This prioritization is also expressed in Article 39 icsid Convention, which provides that “[t]he majority of the arbitrators shall be nationals of States other than the Contracting State party to the dispute and the Contracting State whose national is a party to the dispute.” The drafting history of this provision reveals that the appointment of national arbitrators was restricted in order to avoid a situation where the chairperson would be the only independent and impartial decision-maker on the tribunal.112 Clearly, the delegates did not believe, as is now often argued,113 that the independence and impartiality of one arbitrator could balance out potential dependencies or preconceptions of the other two. On the contrary, they highlighted the importance of the independence and impartiality of all arbitrators, including the ones unilaterally appointed by the parties. Otherwise, the president of the tribunal would have no other choice than to side with one of the partisan arbitrators, in order to achieve a majority.114 Although Article 39 icsid Convention concerns the nationality of the arbitrators, this reasoning also applies to their independence and impartiality. It confirms that the provision for the independence and impartiality of all arbitrators, regardless of their appointing party, is not a mere platitude, but a serious guarantee, based on valid interests.

By submitting to arbitration under the icsid Convention, parties subscribe to this prioritization.115 Thus, their ability to appoint the decision-makers is limited by the requirement of independence and impartiality, and not the other way around. It is not an option to “acknowledge … an appearance of partiality … but [to] let it pass on the assumption that this is what the parties have chosen.”116 The repercussions of awards in investor-State arbitration are often not only borne by the disputing parties, but also by the citizens of the Respondent State. Accordingly, disputing parties must not be allowed to waive their right to independent and impartial decision-makers, and to consent to a certain degree of dependence or bias. The procedural integrity of the decision-making process is of utmost importance for the legitimacy of individual decisions,117 as well as the institution as a whole. This precludes the possibility of such waivers.

Last but not least, the third proposition set out above is the one supported by this author. Namely, there is not an incompatibility, but merely a tension between independence and impartiality on the one hand, and party-appointments on the other hand. This tension calls for a clear delimitation of independence and impartiality in the context of icsid arbitration, tailored to the function of its arbitrators, and in variance with the judicial standard of independence and impartiality.118 The benign and legitimate interests pursued by the system of party-appointments should not be hindered, but situations in which the familiarity with a participant (a party or a counsel) or with the subject-matter of the proceeding would inhibit the arbitrator’s capacity to evaluate the merits of the case open-mindedly, rationally, and objectively, without relying on extraneous factors, must be prevented.

Party-appointments pursue a legitimate goal to the extent they ensure the parties’ buy-in into a system which would otherwise be fraught with uncertainties and unpredictability.119 In the eyes of the parties, their control over the appointment of the decision-makers attenuates the uncertainty caused by the arbitrators’ high degree of discretion (mainly due to the absence of a rule of binding precedent, and the lack of an appeals mechanism), and their varied ideological, political, and national backgrounds.120 It improves the palatability of awards, since parties are assured that their arguments were heard121 and that the decision was made by a competent and qualified body.122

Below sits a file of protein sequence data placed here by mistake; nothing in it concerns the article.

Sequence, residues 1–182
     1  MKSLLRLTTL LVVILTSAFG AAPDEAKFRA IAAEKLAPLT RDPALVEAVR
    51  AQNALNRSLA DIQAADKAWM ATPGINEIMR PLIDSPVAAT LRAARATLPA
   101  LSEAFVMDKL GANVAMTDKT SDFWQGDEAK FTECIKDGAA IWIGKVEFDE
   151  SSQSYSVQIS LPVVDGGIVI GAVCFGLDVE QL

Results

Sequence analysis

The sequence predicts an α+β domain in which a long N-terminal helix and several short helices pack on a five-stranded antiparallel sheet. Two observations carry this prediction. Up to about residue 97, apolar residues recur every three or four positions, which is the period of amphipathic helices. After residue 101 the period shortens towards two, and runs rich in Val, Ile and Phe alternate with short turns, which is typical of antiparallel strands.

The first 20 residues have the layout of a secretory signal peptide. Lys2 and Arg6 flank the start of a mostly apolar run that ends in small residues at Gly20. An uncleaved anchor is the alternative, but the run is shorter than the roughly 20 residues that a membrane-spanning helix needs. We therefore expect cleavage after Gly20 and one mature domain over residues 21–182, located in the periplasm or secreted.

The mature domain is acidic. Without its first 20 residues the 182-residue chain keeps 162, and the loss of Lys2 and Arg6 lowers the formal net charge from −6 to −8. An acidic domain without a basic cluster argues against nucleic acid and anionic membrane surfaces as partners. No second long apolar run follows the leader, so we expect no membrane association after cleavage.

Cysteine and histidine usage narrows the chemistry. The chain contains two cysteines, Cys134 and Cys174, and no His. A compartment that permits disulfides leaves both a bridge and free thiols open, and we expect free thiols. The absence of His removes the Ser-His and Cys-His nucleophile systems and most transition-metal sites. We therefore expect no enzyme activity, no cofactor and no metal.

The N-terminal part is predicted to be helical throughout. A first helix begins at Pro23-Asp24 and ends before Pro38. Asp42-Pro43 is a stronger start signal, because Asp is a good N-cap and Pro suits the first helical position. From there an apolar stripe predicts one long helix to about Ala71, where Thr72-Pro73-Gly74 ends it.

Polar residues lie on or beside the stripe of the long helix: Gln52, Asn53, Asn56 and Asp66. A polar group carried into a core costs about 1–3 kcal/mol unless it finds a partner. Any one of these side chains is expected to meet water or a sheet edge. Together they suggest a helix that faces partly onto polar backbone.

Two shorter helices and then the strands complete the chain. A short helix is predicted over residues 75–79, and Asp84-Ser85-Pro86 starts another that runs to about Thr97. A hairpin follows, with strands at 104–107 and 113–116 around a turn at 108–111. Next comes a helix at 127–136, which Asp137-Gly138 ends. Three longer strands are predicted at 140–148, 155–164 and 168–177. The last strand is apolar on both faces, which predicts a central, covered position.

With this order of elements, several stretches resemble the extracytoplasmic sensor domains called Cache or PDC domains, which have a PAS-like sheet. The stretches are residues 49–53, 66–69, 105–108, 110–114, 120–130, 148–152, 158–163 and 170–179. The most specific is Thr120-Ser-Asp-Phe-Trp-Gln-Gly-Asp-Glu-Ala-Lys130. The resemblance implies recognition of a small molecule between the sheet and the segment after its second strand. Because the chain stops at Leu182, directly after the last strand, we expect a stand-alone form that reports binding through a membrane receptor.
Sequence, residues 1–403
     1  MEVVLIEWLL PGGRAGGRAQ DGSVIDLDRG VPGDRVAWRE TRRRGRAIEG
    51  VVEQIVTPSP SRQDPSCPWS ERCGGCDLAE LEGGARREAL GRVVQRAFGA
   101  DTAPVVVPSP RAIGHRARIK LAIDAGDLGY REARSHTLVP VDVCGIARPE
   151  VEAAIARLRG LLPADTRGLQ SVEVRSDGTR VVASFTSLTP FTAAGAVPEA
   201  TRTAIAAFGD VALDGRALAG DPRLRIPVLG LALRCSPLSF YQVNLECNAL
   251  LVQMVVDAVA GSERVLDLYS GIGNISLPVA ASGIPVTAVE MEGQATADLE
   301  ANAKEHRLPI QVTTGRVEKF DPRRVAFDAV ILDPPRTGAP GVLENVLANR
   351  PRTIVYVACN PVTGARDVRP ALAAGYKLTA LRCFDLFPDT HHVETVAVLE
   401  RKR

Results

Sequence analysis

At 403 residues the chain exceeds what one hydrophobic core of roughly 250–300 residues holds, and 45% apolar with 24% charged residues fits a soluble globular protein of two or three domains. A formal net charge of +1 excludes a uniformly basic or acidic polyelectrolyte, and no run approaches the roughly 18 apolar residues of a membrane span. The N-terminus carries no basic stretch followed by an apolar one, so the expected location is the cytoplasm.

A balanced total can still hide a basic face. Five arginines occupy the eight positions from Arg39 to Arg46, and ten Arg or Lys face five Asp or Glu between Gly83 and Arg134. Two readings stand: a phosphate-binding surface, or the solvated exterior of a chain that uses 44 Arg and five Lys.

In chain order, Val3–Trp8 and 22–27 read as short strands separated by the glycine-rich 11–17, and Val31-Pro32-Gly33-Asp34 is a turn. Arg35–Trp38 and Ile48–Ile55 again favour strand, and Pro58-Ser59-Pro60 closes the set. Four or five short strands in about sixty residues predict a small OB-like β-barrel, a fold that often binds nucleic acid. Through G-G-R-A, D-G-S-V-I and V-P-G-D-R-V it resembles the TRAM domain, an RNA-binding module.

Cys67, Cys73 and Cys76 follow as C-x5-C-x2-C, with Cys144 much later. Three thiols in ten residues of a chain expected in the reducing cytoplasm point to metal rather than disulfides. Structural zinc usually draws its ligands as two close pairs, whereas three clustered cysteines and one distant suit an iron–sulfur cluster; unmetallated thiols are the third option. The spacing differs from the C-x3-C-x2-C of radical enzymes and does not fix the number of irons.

The parties’ desire for such control manifests itself in several dispute resolution mechanisms: Article 12 para. 5 icc Arbitration Rules provides for the appointment of the chairperson of the arbitral tribunal by the icc Court, unless the parties agree upon another procedure. The parties, however, derogate from this default mechanism in almost sixty percent of all cases,123 and agree on a chairperson, or have the party-appointed arbitrators agree on one. The Arbitration Rules of the London Court of International Arbitration (lcia)124 provide for the institutional appointment of all arbitrators, unless the parties agree to nominate them.125 Despite the flawless reputation of the lcia for arbitrator appointments, parties depart from this default rule in over fifty percent of all cases.126 The China International Economic and Trade Arbitration Commission Hong Kong Arbitration Center (cietac) is also moving away from its roster system, and towards unrestricted party-appointments, in order to “accommodate the expectations of foreign parties.”127 In the International Court of Justice (icj), parties who do not have a national on the court may appoint an ad hoc judge when they are involved in a case.128 Last but not least, in the icsid system, parties apparently “go to great lengths to avoid icsid making the appointment of the chair from its roster”129 – approximately seventy-one percent of all arbitrator appointments are made by the parties alone, without any assistance from icsid.130

Posner and Yoo even go so far as to consider the parties’ control over the appointment of the decision-makers the main driver of an international dispute resolution mechanism’s legitimacy. Not independence creates legitimacy in international dispute settings, they argue,131 but the parties’ control over the composition of the decision-making body, which ensures the parties’ confidence in the relative predictability of the proceeding. Without party-appointments, the respective dispute resolution mechanisms would fall into desuetude, and would thus forfeit their legitimacy.132